The book Dior Images Paolo Roversi is a celebration of the collaboration between the famous couture House and a world leading fashion photographer. Published by Rizzoli, the book paints a fascinating portrait of Dior Haute Couture creations, as seen through Paolo Roversi’s lens.
A native of Ravenna in Italy, Paolo Roversi arrived in Paris in 1973. He discovered the work of Richard Avedon and Irving Penn and went on to meet Robert Frank, Guy Bourdin and Helmut Newton.
In the 1990s, he began to photograph Haute Couture creations for prestigious magazines such as Vogue Paris, Vogue Italia, British Vogue and W. Paolo Roversi has spent over forty years creating a remarkable and profoundly poetic body of work.
His skilful use of Polaroid film combined with a large-format camera underpins a highly sensitive view of women, helping to create the fragile grace that makes his style immediately recognisable.
Dior Images Paolo Roversi comprises a series of iconic pictures taken by the photographer and published in leading fashion magazines over the last twenty-seven years.
The collection of images, with a preface by Italian philosopher Emanuele Coccia, features models including Naomi Campbell, Natalia Vodianova and Laetitia Casta in striking but natural poses. Paolo Roversi’s frequent use of blurs evokes the origins of fashion photography and removes the dividing line between the models’ bodies and the world that surrounds them.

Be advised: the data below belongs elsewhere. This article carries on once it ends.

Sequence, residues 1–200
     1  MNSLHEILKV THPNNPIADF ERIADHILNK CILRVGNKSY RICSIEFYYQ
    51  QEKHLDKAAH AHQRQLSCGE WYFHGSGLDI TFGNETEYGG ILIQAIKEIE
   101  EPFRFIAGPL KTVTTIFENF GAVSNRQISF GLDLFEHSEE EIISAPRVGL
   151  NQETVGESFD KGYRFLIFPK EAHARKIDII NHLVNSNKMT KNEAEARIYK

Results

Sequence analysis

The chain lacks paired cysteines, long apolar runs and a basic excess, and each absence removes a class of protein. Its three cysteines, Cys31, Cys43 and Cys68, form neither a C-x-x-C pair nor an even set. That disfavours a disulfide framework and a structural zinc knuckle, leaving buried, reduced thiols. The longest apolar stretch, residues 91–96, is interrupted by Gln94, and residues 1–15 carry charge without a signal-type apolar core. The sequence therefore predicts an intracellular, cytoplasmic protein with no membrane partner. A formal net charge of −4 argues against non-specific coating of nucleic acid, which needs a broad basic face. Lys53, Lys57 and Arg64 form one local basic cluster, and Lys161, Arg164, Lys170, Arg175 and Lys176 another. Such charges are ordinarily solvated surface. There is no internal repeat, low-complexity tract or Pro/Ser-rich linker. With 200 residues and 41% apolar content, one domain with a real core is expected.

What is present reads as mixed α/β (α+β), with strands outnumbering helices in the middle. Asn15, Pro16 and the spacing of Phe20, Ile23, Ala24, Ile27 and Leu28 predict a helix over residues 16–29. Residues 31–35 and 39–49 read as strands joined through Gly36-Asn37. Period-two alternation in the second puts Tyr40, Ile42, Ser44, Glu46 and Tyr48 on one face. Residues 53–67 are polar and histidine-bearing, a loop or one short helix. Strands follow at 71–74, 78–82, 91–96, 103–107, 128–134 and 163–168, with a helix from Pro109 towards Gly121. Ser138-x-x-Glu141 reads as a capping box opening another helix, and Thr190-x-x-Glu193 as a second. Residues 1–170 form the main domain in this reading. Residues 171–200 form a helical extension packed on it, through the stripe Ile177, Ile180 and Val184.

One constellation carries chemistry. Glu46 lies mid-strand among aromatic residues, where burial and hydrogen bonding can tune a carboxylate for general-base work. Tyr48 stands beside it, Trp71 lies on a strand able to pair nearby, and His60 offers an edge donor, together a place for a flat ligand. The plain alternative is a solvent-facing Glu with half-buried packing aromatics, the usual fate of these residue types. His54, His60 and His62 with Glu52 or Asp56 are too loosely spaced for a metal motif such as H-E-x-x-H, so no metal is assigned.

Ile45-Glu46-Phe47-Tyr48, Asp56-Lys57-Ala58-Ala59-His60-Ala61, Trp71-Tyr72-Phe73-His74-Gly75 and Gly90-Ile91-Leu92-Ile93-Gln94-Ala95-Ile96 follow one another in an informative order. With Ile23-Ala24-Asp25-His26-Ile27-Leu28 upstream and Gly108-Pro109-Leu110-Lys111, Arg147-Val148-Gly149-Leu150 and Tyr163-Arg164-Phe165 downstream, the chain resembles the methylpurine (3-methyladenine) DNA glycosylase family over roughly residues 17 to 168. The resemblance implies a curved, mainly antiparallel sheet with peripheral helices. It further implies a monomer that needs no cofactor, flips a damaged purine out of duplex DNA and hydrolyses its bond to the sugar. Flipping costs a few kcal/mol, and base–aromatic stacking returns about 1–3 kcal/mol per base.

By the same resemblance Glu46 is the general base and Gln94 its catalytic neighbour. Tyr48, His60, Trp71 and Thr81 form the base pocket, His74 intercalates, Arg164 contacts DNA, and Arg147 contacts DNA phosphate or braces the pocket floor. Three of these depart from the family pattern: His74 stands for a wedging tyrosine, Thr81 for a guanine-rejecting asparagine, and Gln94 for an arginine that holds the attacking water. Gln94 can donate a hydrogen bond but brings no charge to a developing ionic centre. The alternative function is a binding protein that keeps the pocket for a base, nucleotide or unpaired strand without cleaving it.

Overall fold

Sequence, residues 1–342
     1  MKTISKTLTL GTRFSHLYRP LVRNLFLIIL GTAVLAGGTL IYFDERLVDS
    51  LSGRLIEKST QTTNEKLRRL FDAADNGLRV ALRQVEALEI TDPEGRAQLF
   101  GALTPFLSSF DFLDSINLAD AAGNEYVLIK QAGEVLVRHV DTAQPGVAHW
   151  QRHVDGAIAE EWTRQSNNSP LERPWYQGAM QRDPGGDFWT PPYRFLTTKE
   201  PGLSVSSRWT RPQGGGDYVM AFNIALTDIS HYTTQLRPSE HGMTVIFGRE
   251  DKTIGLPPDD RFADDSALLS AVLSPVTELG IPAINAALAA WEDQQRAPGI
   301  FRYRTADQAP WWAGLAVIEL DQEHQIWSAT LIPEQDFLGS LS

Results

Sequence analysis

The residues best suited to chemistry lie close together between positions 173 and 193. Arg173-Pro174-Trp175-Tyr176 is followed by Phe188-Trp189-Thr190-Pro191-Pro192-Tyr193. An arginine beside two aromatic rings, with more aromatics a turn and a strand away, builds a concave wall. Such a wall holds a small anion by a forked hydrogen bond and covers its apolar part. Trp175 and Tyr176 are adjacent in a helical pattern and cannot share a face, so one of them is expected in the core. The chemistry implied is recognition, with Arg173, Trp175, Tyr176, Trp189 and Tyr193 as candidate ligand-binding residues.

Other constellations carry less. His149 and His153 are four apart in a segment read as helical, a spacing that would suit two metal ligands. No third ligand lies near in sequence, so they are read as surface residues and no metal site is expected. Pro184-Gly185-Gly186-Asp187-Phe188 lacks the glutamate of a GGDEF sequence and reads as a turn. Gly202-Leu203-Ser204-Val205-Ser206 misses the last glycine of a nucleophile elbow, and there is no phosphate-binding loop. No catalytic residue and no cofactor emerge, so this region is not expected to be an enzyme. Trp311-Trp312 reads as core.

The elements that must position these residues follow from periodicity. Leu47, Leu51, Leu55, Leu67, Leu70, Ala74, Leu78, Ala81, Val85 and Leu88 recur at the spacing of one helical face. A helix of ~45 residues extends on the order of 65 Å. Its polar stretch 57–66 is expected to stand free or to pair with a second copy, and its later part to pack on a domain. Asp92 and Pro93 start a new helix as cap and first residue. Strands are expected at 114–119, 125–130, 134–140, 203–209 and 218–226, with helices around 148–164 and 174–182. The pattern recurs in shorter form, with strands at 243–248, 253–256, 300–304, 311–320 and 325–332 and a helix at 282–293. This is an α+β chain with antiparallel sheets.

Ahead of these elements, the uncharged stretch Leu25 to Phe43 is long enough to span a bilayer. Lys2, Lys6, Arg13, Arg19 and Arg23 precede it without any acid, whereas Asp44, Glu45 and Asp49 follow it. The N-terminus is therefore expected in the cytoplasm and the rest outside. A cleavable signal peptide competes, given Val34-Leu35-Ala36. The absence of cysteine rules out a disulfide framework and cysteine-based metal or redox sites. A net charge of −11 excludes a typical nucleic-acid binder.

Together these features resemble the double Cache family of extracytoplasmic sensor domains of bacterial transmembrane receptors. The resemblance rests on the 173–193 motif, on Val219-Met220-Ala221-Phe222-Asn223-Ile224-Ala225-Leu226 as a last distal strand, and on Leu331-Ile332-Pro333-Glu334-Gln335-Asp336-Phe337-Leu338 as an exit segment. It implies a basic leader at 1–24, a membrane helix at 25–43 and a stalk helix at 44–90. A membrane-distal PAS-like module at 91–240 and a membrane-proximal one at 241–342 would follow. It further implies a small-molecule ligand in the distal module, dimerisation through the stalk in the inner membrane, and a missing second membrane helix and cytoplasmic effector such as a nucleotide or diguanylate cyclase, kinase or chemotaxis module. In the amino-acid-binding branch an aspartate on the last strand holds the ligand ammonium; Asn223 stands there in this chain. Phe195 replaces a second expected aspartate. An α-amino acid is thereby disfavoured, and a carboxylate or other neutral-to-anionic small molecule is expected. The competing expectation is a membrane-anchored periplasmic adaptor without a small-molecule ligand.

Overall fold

The photographer’s lens highlights something pure, a sort of abandon or absence, far removed from conventional facial expressions and poses.
The dresses by Christian Dior and his successors – Yves Saint Laurent, Marc Bohan, Gianfranco Ferré, John Galliano, Raf Simons and Maria Grazia Chiuri – that grace the pages seem to be infused with an inner light. In addition to archive images, the book exclusively reveals a selection of Christian Dior’s most beautiful designs, photographed during a session that famous stylist Grace Coddington worked on.
The book proves that, in Paolo Roversi’s words, ‘photography is not a reproduction but a revelation.’